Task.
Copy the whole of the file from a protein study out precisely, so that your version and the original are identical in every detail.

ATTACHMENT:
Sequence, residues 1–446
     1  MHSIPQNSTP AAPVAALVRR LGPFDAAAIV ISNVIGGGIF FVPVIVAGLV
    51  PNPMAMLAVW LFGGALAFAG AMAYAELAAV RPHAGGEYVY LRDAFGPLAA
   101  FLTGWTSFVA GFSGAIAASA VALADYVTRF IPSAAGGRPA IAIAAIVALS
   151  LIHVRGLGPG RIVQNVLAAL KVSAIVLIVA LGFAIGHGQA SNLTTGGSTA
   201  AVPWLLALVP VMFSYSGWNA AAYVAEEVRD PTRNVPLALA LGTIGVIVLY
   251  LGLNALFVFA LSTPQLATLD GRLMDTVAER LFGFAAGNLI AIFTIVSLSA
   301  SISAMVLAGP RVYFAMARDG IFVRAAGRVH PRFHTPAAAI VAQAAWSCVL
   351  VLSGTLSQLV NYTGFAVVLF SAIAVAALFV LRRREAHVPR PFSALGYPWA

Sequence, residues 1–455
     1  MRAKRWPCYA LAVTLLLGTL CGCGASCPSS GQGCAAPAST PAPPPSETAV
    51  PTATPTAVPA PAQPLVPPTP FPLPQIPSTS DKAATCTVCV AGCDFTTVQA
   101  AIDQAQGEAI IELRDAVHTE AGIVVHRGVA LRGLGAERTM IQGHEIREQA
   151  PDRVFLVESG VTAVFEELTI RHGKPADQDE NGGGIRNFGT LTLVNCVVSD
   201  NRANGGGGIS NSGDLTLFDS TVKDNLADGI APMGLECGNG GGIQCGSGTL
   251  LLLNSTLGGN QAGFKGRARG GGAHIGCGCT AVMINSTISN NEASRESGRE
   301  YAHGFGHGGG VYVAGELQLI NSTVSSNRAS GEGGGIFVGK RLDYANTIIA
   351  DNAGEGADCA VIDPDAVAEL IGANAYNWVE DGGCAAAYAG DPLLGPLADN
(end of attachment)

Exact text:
Sequence, residues 1–446
     1  MHSIPQNSTP AAPVAALVRR LGPFDAAAIV ISNVIGGGIF FVPVIVAGLV
    51  PNPMAMLAVW LFGGALAFAG AMAYAELAAV RPHAGGEYVY LRDAFGPLAA
   101  FLTGWTSFVA GFSGAIAASA VALADYVTRF IPSAAGGRPA IAIAAIVALS
   151  LIHVRGLGPG RIVQNVLAAL KVSAIVLIVA LGFAIGHGQA SNLTTGGSTA
   201  AVPWLLALVP VMFSYSGWNA AAYVAEEVRD PTRNVPLALA LGTIGVIVLY
   251  LGLNALFVFA LSTPQLATLD GRLMDTVAER LFGFAAGNLI AIFTIVSLSA
   301  SISAMVLAGP RVYFAMARDG IFVRAAGRVH PRFHTPAAAI VAQAAWSCVL
   351  VLSGTLSQLV NYTGFAVVLF SAIAVAALFV LRRREAHVPR PFSALGYPWA

Sequence, residues 1–455
     1  MRAKRWPCYA LAVTLLLGTL CGCGASCPSS GQGCAAPAST PAPPPSETAV
    51  PTATPTAVPA PAQPLVPPTP FPLPQIPSTS DKAATCTVCV AGCDFTTVQA
   101  AIDQAQGEAI IELRDAVHTE AGIVVHRGVA LRGLGAERTM IQGHEIREQA
   151  PDRVFLVESG VTAVFEELTI RHGKPADQDE NGGGIRNFGT LTLVNCVVSD
   201  NRANGGGGIS NSGDLTLFDS TVKDNLADGI APMGLECGNG GGIQCGSGTL
   251  LLLNSTLGGN QAGFKGRARG GGAHIGCGCT AVMINSTISN NEASRESGRE
   301  YAHGFGHGGG VYVAGELQLI NSTVSSNRAS GEGGGIFVGK RLDYANTIIA
   351  DNAGEGADCA VIDPDAVAEL IGANAYNWVE DGGCAAAYAG DPLLGPLADN